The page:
Nevertheless, 2021 continues to witness the continued mentions of the South China Sea at the United Nations, a trend starting back in 2020. Japan and New Zealand have sent notes-verbale to the United Nations Commission on the Limits of the Continental Shelf (CLCS) expressing a number of legal positions on the South China Sea.

Japan rejected the application of the straight baseline method to the Spratly Islands and affirmed the importance of the South China Sea Arbitration Award in ensuring the maintenance of freedom of navigation and overflight in the South China Sea.

Meanwhile, New Zealand affirmed the value of UNCLOS as the sole legal basis for maritime claims, rejected the so-called historic rights and the application of a straight baseline to the Spratly Islands, opposed the sovereignty and maritime claims over submerged features, and reaffirmed the binding value of the South China Sea Arbitration Award to the parties involved.

Following the US, Australia, UK, Germany, and France, these statements continue to be the voices of the international community in expressing clear legal positions, upholding the universal value of UNCLOS, and recognising the legal value of the South China Sea Arbitration Award.

In the field of information, the application of remote sensor technology has opened up the possibility for transparency of developments in the field, making it easier for the international community to perceive activities taking place in maritime domain.

However, remote sensing technology can also be exploited and manipulated according to the subjective will of human actors. In addition, the integration of illegal claims into scientific publications and professional undertakings by certain organizations still persists, further complicating and politicizing research activities.

Mọi sự phát triển hay diễn giải luật biển đều phải lấy UNCLOS làm trung tâm và không được trái với các quy định của Công ước. (Nguồn: UN)
The statements continue to be the voices of the international community in expressing clear legal positions, upholding the universal value of UNCLOS, and recognising the legal value of the South China Sea Arbitration Award. (Photo: UN)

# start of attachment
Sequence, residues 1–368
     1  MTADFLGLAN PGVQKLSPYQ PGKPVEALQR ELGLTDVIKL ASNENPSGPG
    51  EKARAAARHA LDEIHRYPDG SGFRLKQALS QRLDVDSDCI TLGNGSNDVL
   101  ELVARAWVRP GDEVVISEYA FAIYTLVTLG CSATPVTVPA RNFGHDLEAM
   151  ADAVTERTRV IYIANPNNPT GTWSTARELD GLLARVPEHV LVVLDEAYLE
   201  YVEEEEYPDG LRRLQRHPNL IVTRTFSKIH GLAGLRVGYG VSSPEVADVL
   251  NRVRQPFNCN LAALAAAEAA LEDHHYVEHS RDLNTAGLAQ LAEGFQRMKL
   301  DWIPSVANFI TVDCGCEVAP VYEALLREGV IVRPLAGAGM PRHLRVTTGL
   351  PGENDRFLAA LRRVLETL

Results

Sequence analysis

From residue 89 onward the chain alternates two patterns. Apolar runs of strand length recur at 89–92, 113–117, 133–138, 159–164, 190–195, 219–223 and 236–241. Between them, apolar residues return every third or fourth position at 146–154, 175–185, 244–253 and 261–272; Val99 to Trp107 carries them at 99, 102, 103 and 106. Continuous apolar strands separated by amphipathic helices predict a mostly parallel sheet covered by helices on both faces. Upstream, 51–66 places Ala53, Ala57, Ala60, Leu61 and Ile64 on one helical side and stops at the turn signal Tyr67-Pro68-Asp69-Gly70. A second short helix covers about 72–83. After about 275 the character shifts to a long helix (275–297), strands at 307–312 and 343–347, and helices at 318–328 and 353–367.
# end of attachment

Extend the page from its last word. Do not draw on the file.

Multidimensional Information

However, a silver lining in the field of communications is that there are more and more open academic fora for the disclosure of information and unbiased research, thereby creating a multidimensional and verifiable information system that helps in increasing transparency and minimising the domination over and distortion of information on the South China Sea. The participation of non-traditional information channels on social media has also contributed to the rapid and uninterrupted flow of information with greater coverage, consequently contributing to increasing global awareness by the academic and international community interested in the South China Sea issue.

The interweaving shades of light and dark in the South China Sea picture show that there exist potentials for conflicts to erupt at any time despite the absence of major conflict. In an emerging strategic space with many newly formed security structures and groupings intertwined on a broader scale in the Indo-Pacific, the South China Sea is the centerpiece for intense great power competition. It is also the testing ground for the formation of a new international order at sea.

Which shall prevail and become the mainstream in the new order at sea, the tendency of militarisation and hegemony or the trend of freedom, openness, and respect for the interests of small and medium-sized countries based on international law? The answers will depend on not only the roles and responsibilities of great countries, but also the joint efforts of small and medium countries, especially countries in the region such as Viet Nam.

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Dr. Nguyen Thi Lan Anh
Acting Director General of the East Sea Institute, Diplomatic Academy of Viet Nam